Most people are likely to snore at some point in their lives but it’s still important to understand why it’s happening and what treatments are available. Snoring occurs more frequently in men and people who are overweight. Snoring is often due to obstructive sleep apnea which is characterised by episodes of interrupted breathing during sleep which leads to regular nighttime awakenings and could be linked to further health problems. Snoring can be due to a range of factors, such as whether the snorer is overweight, has a cold, sleeps on their back or has been drinking alcohol.
When it comes to snoring, it’s usually the person sleeping next to them that has the most trouble getting a full night’s rest.
Studies have shown that a person is woken up an average of 21 times an hour, nearly as often as the 27 times the snorers were awakened by their sleep apnea episodes.
A study by the US National Library of Medicine National Institutes of Health looked at the effect of snoring and obstructive sleep apnea on the sleep quality of bed partners.
Ten married couples were evaluated looking at their sleeping patterns.
The study concluded that the elimination of snoring and OSA were associated with an improvement in the quality of their bed partners’ sleep and experienced an improved sleep efficiency.
There was a 13 per cent improvement in sleep efficiency which translates to an additional 62 minutes of sleep.
Second hand snoring can also damage a person’s hearing.
In a 2003 study, noise-induced hearing loss in snorers and their bed partners was evaluated.
The results showed that although all of the snorers did not demonstrate consistent hearing loss patterns, all bed partners of snorers demonstrated a unilateral high-frequency pattern of hearing loss consistent with noise-induced hearing loss.
Tips for preventing snoring:
Lose a few pounds
If your BMI is too high, losing weight through good diet and exercise is likely to reduce snoring significantly.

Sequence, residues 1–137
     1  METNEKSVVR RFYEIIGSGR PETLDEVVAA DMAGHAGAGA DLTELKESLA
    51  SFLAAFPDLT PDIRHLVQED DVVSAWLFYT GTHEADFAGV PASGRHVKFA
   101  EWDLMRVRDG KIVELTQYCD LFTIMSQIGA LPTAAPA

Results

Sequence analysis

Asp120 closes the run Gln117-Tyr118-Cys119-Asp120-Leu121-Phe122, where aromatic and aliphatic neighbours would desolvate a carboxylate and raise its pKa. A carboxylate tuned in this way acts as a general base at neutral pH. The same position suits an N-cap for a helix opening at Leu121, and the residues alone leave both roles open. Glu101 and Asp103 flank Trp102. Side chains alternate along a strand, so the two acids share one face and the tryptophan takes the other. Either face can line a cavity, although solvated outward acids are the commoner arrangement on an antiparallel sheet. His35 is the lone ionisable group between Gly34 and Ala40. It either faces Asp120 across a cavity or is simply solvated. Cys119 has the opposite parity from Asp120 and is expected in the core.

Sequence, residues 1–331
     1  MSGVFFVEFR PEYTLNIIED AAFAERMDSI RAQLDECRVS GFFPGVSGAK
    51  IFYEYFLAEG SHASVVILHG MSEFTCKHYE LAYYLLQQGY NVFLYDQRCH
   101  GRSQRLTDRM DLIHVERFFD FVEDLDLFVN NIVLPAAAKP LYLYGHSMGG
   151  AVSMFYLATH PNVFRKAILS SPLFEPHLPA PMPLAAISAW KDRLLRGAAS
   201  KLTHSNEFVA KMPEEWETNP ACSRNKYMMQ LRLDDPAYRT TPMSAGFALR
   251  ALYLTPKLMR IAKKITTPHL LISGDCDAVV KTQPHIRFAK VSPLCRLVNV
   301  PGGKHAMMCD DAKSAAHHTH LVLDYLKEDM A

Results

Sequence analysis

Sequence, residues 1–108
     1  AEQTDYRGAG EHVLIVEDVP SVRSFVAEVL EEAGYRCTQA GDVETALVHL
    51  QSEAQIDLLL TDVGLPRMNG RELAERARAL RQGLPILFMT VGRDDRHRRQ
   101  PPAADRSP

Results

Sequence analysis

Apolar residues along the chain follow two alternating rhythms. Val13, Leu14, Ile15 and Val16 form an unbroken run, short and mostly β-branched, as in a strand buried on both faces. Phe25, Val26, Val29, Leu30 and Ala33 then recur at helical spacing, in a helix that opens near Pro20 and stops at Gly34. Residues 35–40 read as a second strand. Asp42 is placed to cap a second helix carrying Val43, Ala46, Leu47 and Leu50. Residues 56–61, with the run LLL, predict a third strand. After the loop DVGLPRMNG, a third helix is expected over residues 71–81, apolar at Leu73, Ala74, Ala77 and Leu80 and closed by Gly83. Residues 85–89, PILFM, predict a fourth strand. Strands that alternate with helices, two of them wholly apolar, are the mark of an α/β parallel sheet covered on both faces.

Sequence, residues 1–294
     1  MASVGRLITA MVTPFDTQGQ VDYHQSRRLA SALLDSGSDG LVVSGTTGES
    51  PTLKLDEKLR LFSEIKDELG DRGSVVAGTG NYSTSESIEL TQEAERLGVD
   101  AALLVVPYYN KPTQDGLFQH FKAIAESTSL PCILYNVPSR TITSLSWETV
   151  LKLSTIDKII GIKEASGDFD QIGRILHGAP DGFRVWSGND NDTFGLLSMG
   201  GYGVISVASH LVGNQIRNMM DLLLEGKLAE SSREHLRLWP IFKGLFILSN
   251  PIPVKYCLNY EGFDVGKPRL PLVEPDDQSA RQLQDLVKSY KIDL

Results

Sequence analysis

This is because snoring happens due to a narrowing of the airways whilst a person is asleep.
Carrying too much pounds puts extra weight around the neck and throat and presses down on the airways which leads to narrowing and snoring.
Change your sleeping position
If you regularly sleep on your back, it might be time to switch to your side or front.
This is because when you sleep on your back, your tongue flops backwards and can partially block your throat. This in turn restricts air flow causing snoring.
Avoid alcohol before sleeping
Alcohol relaxes muscles and as a result, these muscles collapse onto the airway, restricting airflow and causing snoring.
Get some exercise
Exercise helps with weight loss and aids in a restful sleep with reduced snoring.
Exercise also boosts muscle tone, helping your that and soft palate to retain their shape as a person sleeps.
If you’re dehydrated, the mucus in the body is more likely to collect in the throat and mouth which in turn can block the airways and make a person snore.
Change your eating habits
Dairy products including milk, cheese and cream have been recommended to stay away from for snorers because it leaves a layer of mucus which coats the airways leading to snoring.
Try anti-snoring pillows
Anti-snoring pillows are specially designed to keep a person’s airways open as they rest.
These pillows aid in peaceful sleep by aligning the neck, jaw and throat, as well as the spine.
The NHS said: “There are a range of stop-snoring treatments and devices on sale.
“These include nasal strips, which open the nostrils wider, throat sprays and devices known as mandibular advancement devices which reposition the jaw to improve airflow.”